I tell you all of this for a reason I will come back to in a moment.

What you need to understand at this point is what was going on this whole time. The moment we left the fortress a solar eclipse started, a complete eclipse that blotted out all daylight. It was darkness almost like nightfall. It caused a deep eeriness over everyone. There are stories about such occurrences happening at the deaths of great people, like Julius Caesar. They say that when he died the sky went black. Such occurrences portend the death of a son of God.

The religious leaders gathered below him and began taunting him. They had gotten what they wanted. Isn’t that enough? Why taunt him? And then I heard him finally speak. It was a prayer. He called his God, “Abba,” Father, and he prayed to forgive those who were taunting him. Who does such a thing? Who prays for your enemies who wanted you tortured and killed to be forgiven?

Shortly after, and very near his moment of death, he spoke again, “Eloi, eloi, lama sabachthani.” It means “My God, my God, why have you forsaken me?” I felt sorry for him. Of course it would come to this. If God allows you to be put in such a place, then that God has abandoned you. What God would allow one to suffer? Who needs a God who allows suffering?

But what happened next changed me in an instant. He let out aloud cry, and this is where I want to refer to my comments about crucifixion. Because by this point it would take a person all the strength they have just to breathe. To try and push their body up using their legs would be too painful. To be able to shout would be nearly impossible. But that’s what he did. He shouted and what he shouted was a single word. It’s a difficult word to translate. It’s like saying finished or complete, but more like an exclamation. Like finishing a task that has taken all your energy and at last you can shout, “Finished! It's done!!”

Have you ever said that? It’s like a soldier who realizes a hard fought battle has finally been won, lifts his sword and shouts, “Victory!” It was a shout of victory. And in that moment I responded without fully knowing why. In that moment, with the sky dark, when it is believed such a sign signals the death of a son of God, I said, “Truly, this was the Son of God.”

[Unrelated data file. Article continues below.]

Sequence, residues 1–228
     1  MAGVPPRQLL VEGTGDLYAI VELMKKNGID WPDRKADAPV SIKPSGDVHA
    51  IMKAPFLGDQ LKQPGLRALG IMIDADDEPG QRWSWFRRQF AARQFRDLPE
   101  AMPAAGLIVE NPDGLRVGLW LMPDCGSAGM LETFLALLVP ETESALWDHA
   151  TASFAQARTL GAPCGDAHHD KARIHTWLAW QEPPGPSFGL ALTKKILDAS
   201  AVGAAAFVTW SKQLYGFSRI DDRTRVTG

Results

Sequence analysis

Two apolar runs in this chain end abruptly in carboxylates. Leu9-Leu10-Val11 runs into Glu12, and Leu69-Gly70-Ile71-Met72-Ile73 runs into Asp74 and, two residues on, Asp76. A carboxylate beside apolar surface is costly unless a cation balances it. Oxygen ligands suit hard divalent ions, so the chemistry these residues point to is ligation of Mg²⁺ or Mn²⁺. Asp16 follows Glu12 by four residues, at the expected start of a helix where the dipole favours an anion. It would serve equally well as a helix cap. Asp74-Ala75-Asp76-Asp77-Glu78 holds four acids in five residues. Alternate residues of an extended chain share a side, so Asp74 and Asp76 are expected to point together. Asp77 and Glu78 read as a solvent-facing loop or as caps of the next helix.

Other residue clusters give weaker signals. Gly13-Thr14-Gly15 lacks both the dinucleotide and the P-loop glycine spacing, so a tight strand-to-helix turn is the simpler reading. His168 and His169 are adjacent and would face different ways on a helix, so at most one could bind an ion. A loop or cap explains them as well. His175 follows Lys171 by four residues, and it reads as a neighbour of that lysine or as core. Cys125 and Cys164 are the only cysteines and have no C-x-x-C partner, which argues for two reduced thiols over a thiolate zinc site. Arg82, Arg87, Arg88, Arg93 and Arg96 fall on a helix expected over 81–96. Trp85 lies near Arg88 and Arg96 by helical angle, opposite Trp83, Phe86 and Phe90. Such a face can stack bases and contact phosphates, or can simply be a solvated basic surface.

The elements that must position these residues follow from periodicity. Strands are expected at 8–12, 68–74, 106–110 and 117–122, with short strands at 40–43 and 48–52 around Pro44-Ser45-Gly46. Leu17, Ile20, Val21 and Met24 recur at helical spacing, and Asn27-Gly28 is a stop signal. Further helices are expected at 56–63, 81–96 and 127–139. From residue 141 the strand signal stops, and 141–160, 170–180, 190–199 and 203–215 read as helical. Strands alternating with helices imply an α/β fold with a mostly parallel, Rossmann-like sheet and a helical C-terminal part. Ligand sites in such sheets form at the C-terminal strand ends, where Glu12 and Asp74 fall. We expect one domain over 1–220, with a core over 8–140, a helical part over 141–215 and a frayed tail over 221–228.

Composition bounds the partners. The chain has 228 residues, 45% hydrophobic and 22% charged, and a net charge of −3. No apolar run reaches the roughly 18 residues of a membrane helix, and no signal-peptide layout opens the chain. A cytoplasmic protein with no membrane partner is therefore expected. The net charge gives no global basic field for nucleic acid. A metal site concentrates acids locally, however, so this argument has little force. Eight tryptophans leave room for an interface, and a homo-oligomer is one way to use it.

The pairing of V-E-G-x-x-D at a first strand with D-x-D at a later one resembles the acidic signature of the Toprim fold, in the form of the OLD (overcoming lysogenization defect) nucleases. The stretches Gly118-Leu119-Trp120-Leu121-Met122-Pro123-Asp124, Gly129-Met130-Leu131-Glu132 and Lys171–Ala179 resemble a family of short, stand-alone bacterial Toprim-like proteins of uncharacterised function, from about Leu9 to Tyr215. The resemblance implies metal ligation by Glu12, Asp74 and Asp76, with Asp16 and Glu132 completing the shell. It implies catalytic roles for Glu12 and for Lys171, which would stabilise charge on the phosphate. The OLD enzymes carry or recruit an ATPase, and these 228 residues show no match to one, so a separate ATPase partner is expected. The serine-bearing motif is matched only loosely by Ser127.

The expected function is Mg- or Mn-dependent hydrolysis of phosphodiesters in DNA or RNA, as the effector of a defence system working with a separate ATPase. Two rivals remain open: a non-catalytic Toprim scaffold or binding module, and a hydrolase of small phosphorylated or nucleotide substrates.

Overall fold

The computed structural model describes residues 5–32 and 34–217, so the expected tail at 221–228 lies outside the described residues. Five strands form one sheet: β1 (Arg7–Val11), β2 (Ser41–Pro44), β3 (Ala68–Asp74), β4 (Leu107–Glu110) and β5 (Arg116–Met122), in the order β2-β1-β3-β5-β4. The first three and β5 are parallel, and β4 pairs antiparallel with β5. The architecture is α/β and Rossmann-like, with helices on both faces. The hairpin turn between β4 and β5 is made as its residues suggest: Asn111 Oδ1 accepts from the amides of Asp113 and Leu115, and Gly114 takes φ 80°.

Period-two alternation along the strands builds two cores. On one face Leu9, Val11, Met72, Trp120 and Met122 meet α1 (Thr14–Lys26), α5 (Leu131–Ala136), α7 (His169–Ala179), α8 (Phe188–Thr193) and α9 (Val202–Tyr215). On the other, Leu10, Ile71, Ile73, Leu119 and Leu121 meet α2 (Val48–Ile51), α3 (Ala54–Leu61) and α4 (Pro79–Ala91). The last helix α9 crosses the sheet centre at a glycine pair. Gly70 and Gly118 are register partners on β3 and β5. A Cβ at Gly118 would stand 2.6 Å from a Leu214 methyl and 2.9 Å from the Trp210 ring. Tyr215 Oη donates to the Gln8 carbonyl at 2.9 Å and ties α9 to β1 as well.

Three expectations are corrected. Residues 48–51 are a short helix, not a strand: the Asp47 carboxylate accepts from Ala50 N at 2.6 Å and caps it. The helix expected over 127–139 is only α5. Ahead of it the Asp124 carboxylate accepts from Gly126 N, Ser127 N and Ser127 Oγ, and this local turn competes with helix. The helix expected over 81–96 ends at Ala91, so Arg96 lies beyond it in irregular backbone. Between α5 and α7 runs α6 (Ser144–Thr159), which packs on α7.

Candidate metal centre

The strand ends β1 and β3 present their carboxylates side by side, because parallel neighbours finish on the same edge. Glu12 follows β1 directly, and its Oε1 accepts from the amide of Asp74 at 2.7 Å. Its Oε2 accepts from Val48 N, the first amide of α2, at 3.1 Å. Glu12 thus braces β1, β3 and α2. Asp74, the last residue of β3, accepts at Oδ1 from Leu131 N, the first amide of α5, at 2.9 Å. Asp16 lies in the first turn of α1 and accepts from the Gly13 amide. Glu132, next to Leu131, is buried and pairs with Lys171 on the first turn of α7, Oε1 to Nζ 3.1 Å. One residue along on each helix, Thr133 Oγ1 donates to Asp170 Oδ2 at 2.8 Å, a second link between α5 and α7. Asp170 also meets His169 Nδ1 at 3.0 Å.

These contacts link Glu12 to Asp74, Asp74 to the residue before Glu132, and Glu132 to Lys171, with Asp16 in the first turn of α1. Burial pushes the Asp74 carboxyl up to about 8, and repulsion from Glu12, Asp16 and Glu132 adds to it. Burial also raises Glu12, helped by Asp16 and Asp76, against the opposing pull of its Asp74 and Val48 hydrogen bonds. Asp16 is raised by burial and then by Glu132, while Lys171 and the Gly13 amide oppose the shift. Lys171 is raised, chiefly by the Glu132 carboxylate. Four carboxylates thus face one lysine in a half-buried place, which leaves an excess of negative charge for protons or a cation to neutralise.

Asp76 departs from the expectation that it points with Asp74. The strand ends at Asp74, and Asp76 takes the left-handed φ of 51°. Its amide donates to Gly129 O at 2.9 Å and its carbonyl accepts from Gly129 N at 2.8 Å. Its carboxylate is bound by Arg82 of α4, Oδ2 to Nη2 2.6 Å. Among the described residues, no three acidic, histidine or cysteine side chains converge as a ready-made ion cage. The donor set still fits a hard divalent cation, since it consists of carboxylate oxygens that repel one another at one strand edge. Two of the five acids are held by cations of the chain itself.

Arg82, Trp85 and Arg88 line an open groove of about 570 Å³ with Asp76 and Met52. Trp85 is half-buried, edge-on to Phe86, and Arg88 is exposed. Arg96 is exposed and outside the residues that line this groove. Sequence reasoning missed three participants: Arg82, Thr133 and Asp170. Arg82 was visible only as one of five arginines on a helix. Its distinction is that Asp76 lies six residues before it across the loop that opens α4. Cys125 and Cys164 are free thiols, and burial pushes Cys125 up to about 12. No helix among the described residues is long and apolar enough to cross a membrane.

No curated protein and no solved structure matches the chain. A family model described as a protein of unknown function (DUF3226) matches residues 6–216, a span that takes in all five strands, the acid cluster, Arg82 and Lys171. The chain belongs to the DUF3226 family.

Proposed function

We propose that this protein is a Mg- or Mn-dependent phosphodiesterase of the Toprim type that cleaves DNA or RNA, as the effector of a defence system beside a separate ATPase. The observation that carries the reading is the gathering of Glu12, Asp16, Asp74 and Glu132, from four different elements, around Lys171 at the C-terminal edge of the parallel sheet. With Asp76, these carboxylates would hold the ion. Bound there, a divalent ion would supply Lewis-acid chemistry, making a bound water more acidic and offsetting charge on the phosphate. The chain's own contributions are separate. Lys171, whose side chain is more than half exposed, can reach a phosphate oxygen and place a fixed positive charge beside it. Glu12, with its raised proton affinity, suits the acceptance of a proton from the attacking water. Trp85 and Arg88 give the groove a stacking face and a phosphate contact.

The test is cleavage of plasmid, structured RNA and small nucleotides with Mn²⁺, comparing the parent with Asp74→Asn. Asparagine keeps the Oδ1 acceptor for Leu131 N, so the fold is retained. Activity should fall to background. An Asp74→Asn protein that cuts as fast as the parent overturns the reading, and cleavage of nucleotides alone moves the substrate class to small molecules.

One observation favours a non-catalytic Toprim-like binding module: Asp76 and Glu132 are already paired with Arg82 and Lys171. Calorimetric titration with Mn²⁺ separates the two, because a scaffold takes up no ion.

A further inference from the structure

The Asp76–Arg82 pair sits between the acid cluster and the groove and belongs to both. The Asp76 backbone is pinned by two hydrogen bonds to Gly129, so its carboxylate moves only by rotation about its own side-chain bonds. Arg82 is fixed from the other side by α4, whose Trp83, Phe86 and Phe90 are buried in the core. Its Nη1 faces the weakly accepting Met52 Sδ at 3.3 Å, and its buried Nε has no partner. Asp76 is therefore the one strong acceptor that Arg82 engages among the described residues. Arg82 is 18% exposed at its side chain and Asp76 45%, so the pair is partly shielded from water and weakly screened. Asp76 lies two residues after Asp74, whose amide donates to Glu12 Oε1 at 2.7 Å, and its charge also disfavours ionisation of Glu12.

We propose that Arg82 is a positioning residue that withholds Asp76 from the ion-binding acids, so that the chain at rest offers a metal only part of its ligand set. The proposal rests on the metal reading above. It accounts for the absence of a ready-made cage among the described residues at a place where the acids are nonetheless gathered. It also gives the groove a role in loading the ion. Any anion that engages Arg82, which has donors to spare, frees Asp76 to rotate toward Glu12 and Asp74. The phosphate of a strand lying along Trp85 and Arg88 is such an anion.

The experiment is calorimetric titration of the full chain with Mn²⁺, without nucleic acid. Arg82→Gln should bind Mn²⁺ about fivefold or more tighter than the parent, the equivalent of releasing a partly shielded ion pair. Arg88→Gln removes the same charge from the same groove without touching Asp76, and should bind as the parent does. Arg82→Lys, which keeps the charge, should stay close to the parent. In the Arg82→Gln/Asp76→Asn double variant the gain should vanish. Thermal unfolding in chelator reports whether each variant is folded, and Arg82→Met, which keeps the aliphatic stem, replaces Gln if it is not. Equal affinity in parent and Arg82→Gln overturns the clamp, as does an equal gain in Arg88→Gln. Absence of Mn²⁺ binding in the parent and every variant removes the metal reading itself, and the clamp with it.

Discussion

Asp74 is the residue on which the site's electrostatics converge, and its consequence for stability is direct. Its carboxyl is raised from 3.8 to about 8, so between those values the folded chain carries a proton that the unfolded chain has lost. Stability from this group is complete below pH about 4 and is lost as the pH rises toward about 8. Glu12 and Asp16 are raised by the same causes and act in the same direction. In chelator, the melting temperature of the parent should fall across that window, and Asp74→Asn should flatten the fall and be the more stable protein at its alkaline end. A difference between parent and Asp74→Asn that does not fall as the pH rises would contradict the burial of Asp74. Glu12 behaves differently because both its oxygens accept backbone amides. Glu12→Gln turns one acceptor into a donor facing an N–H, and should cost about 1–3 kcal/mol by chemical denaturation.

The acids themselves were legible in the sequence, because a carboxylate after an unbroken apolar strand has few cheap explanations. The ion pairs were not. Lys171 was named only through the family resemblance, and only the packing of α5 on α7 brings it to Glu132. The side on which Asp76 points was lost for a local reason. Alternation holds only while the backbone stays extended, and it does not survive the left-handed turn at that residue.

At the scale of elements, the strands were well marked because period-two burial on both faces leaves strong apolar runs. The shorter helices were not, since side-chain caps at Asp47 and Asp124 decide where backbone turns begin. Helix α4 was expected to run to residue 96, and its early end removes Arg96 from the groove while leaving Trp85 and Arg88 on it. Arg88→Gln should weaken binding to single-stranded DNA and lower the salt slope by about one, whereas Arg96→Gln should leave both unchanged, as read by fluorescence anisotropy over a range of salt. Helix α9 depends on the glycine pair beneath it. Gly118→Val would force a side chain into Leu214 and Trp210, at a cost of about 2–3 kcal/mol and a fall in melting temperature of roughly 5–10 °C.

I’m not exactly sure why. There was just something about it that was a faith-inspiring. Even at the point of lowest agony any person could ever face, when you feel all have turned against you, even God, and you can still cry out in confidence? That is faith I have never seen.

The world is full of people looking for a victorious faith, looking for a faith that promises prosperity, and success, and wellbeing. The only problem is, that’s not how life works. Success and health and power come and go. And its why so many go through life chasing after new gods. But a faith that trusts even in agony, in the midst of suffering, a faith that will not let go of the God it pursues, that is no fleeting faith!

Later I asked one of their religious leaders about that statement, “eloi, eloi, lama sabachthani,” and he explained that it is the first line in one of their psalms. So I found a copy of this psalm and read it. The writer does begin asking why God has forsaken him. Where is God in his agony? But it goes. The writer, “Yet, you are holy, enthroned on the praises of Israel.” Without vindication, the writer affirms a trust in God and they God’s goodness will prevail. And it ends with these words: “Future generations will be told about the Lord, and proclaim his deliverance to a people yet unborn, saying that he has done it!”

Speaking of the future as if it’s already happened. That is a faith I am unfamiliar with. But I saw it in Him and I want it in me.

Now the funny thing is I did get to see His vindication. When His body was placed in a tomb, I was appointed to guard it and make sure no one could steal the body. And three days later, I experienced the vindication, but that’s another story for another time. But evenso, that wasn’t what brought me to faith in Him. The cross did. You see now I know there is a God who conquers through suffering, not apart from it. And I believe there is only one filius dei (kneels facing cross), Son of God.